This was then the theme of the ride. Trainer AB said he was being extra tricky because even with her onboard his response to her aides wasn't correct. Anytime she touched the reins, he'd go "ok...I'll stop then" and dive to the forehand and let his legs go out the back of him. He would use that as an excuse to not collect up at all so she'd have to keep her hands steady and boot him forward. He is a smart cookie and picked it up quickly with her but then it was starting all over with me.
This was particularly apparent in down transitions where he'd just plop on his face and call it quits. Keeping him moving in a trot after a canter was next to impossible. Part of this was my doing. I was so OCD about his rehab that at exactly 2 minutes, when my timer went off, we would walk again. He quickly learned the buzzer sound and would slam to a halt and since it was 2 minutes I did nothing to keep him going because I was told 2 minutes and I refused to go a single step beyond that. I should have kept him trotting for another 10 -15 seconds, but oh well. Hindsight.
So anyway..once I got his feet in front of him and his weight shifted back a bit things felt good. We began canter work to the right which has been tricky to get lately. I have the tendency to lean into the canter which isn't correct and is worse going right. Well he picked it up just fine but then dropped to a trot before I asked and then refused to get it again. I did what I generally do which is to slow his trot back down, rebalance and ask again which can take a few circles to get. Well, AB said nope...pony club kick him if I need to but get that canter right away. Even if it is ugly. She said that he knew full well what I was asking him for, he knew it was the canter cue and was just not doing it. Like I said, he is a smart cookie and she said that he knows that he will get to slow down, trot and get out of it so make him canter NOW.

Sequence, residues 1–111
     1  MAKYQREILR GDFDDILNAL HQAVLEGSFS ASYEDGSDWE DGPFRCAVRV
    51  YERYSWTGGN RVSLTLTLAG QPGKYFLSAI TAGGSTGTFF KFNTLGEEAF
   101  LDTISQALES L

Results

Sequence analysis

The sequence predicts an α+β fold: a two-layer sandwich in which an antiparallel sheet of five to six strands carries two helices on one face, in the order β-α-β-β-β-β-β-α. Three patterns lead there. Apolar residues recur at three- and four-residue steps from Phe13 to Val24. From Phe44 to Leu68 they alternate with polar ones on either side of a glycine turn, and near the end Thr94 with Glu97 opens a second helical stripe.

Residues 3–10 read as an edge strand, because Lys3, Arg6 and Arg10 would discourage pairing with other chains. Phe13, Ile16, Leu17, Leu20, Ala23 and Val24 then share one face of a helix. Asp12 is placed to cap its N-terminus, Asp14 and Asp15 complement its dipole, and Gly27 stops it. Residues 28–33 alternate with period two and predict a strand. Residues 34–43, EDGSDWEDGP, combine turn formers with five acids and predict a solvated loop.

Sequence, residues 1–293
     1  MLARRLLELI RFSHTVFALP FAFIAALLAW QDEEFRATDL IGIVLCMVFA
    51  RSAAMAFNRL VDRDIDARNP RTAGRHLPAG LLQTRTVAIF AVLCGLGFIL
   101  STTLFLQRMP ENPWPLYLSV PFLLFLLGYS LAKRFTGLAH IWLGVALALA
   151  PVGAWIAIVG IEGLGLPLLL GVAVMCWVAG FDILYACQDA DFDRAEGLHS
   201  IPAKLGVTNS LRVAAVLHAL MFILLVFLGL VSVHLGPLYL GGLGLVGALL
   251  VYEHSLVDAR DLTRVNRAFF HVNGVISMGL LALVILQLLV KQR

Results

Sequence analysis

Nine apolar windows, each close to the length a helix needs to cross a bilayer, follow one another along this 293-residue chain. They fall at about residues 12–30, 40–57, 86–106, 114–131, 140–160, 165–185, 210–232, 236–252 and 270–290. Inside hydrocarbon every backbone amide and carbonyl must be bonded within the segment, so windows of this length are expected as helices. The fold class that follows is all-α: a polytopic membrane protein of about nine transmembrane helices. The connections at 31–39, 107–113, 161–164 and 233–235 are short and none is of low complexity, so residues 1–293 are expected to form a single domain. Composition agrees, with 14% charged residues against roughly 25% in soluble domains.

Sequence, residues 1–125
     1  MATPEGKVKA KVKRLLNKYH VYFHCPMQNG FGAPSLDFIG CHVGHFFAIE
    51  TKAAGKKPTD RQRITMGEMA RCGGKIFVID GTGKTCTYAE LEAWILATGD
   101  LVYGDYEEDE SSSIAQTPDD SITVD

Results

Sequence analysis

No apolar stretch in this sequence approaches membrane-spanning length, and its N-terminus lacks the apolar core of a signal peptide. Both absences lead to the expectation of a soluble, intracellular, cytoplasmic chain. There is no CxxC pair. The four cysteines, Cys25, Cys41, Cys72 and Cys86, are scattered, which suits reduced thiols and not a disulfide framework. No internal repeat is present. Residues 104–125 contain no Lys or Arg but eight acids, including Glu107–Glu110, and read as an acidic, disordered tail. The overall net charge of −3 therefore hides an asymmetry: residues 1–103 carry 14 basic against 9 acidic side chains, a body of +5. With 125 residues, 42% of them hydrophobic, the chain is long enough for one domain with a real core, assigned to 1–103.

|He broke his beautiful teal halter so no he gets the back up mustache one until I get to the store|
It was ugly, but he gave in and we cantered around nicely. He was blowing pretty hard at that point even though it had been all of 15 minutes of work time. We took him to the hose to get cooled down before returning to the ring for the left canter. He picked the canter up nicely but was very stuck behind my leg. Trainer AB said "Good boy" and he let out a series of huge bucks. Good thing he is as wide as a couch and easy to sit. AB told me that again his legs get going backwards. He heard the GOOD BOY and celebrated but since all his weight was on the forehand and his hind legs were running out the back of him, he had every chance to playfully buck.
The end analysis - MORE FORWARD. MORE LEG. No excuses. He is sound, he is capable and he knows what I am asking of him. Of course he is also a very large and out of shape potato and I have to be careful not to push his cardiovascular system too far or he won't be able to do it. To that end I have acquired a heart rate monitor from a fellow endurance rider and will be using it for a while on my rides to ensure that I'm asking enough but not too much of the Orange Beast. Come September I am allowed to add trails and ground poles back into my life so that should really help as well.